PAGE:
Untitled Document

AIIB will use its US$50 billion to help spur hydroelectric development in Asia

file

With 35 nations signing on as founding members, Beijing-based Asian Infrastructure Investment Bank (AIIB) has a reported US$50 billion foundation from which it plans to spur infrastructure growth in developing Asian countries with projects that include hydroelectric facilities.

AIIB was formed by the Chinese government and began formal operations in October 2014. It is a multilateral development bank meant to provide funding for infrastructure projects in developing countries of the Asia region. Reports indicate almost all Asian countries and most major countries outside Asia have joined the AIIB as of April, with notable exceptions being the U.S., Japan and Canada. AIIB rejected North Korea's application to join its organization.

AIIB, in part because of its location and China’s enormous amounts of bilateral and unilateral lending ability, could become the Asia-based alternative to the World Bank and International Monetary Fund (IMF). However, on Tuesday, April 7, World Bank President Dr. Jim Yong Kim amongst his many comments, said, AIIB is “potentially a strong ally” and “a great new force,” as it relates to providing means for poorly developed Asian nations to strengthen indigenous infrastructure.

Kim made the comments from Washington, D.C., where the World Bank is headquartered, just weeks ahead of the World Bank Group and IMF 2015 spring meetings being held there, April 17-19.

The World Bank, IMF and the Asian Development Bank, which is based in the Philippines capital city of Manila, have pledged to work with AIIB when possible, according to published reports.

To date, according to China’s state operated Xinhua News Agency, the following nations are listed by AIIB as founding members: Bangladesh, Brunei, Cambodia, China, France, Germany, India, Indonesia, Iran, Italy, Jordan, Kazakhstan, Kuwait, Laos, Luxembourg, Maldives, Malaysia, Mongolia, Myanmar, Nepal, New Zealand, Oman, Pakistan, Philippines, Qatar, Saudi Arabia, Singapore, Sri Lanka, Switzerland, Tajikistan, Thailand, United Arab Emirates, United Kingdom, Uzbekistan and Vietnam.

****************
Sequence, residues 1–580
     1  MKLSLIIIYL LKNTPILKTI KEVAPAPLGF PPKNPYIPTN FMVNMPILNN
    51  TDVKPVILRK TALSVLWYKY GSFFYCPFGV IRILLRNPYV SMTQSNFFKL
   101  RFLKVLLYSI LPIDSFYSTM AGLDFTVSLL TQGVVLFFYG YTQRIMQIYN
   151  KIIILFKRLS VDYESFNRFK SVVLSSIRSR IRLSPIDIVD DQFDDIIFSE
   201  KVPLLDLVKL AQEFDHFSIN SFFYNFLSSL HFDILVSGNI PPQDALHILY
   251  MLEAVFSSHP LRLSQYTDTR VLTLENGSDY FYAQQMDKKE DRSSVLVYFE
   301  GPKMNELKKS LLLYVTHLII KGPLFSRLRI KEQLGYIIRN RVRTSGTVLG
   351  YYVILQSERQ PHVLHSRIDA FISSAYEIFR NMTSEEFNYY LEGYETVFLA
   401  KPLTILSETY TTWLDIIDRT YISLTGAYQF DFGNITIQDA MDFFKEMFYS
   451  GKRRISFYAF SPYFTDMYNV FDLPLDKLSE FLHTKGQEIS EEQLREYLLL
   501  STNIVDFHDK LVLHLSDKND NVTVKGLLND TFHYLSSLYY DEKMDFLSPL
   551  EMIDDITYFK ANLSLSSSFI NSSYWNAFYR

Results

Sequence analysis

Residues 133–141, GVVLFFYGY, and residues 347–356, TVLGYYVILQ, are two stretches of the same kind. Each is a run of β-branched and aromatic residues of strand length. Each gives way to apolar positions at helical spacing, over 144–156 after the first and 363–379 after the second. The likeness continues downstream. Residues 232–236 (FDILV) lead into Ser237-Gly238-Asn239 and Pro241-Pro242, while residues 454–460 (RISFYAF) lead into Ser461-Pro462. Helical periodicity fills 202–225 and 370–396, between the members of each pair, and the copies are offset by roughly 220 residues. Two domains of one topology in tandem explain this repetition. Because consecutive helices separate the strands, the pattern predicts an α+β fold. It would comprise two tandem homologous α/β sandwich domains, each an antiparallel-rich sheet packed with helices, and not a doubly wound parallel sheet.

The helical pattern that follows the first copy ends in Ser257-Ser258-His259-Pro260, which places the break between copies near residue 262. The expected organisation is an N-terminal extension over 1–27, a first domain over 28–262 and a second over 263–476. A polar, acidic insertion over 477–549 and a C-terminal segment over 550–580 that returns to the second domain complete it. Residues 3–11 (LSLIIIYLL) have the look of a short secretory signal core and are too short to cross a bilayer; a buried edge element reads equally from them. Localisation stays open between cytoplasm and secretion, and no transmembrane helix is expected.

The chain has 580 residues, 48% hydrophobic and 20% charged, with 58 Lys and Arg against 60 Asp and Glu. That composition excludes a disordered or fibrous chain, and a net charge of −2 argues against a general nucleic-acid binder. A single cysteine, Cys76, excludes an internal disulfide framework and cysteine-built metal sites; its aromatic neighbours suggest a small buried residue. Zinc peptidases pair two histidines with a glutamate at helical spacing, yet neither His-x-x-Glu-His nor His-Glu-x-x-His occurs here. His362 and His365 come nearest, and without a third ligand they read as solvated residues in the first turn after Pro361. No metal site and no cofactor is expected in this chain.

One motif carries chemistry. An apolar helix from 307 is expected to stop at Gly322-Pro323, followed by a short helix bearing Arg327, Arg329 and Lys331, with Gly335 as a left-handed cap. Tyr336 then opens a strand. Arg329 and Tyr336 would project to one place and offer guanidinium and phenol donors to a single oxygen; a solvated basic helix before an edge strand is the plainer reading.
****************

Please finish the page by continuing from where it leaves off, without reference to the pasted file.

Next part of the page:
Related Articles

183.2-MW Isimba hydro project commissioned in Uganda

The 183.2-MW Isimba hydro project has been commissioned on the Nile River in Uganda, multiple news agencies are reporting.

Voith receives contract for 1,000-MW Pakal Dul hydropower plant in India

Voith Hydro announces it recently received an award from Chenab Valley Power Projects Private Limited (CVPPPL) that includes the supply of four 250-MW Francis turbines and generators, together with auxiliary equipment, for the 1,000-MW Pakal Dul hydropower plant.

Indian government to declare large hydropower projects a renewable energy source

The Indian government’s Union Cabinet, chaired by the Prime Minister Narendra Modi, has approved measures to promote the hydropower sector that include declaring large hydropower projects to be part of the non-solar renewable purchase obligation (RPO).

Sign up for your free subscription to the HydroWorld Weekly e-newsletter